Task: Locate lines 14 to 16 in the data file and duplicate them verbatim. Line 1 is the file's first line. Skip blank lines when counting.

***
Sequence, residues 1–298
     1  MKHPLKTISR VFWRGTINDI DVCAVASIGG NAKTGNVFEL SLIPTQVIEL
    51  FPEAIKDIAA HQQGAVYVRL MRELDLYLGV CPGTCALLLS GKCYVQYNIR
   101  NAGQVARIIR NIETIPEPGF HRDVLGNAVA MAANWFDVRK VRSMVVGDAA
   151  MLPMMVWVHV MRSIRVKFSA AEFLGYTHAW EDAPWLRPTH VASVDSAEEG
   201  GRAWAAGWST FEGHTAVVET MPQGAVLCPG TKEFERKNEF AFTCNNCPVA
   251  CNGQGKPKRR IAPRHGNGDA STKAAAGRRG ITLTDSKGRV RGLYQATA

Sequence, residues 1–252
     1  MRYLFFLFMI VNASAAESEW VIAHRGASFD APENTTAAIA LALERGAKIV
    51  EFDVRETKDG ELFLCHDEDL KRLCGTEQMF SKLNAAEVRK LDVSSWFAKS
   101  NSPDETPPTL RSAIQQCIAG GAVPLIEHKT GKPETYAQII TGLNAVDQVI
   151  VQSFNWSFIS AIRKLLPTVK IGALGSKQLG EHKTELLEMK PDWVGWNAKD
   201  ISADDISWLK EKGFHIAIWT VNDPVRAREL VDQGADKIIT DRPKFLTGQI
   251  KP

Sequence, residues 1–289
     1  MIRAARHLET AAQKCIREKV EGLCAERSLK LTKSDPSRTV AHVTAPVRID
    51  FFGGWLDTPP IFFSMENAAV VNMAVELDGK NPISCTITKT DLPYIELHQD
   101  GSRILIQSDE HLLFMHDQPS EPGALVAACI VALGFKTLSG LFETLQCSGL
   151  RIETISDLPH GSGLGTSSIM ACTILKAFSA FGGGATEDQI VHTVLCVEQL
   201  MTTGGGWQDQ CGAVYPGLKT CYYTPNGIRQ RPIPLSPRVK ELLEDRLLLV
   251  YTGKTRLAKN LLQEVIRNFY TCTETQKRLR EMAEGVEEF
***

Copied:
   251  KP

Sequence, residues 1–289
     1  MIRAARHLET AAQKCIREKV EGLCAERSLK LTKSDPSRTV AHVTAPVRID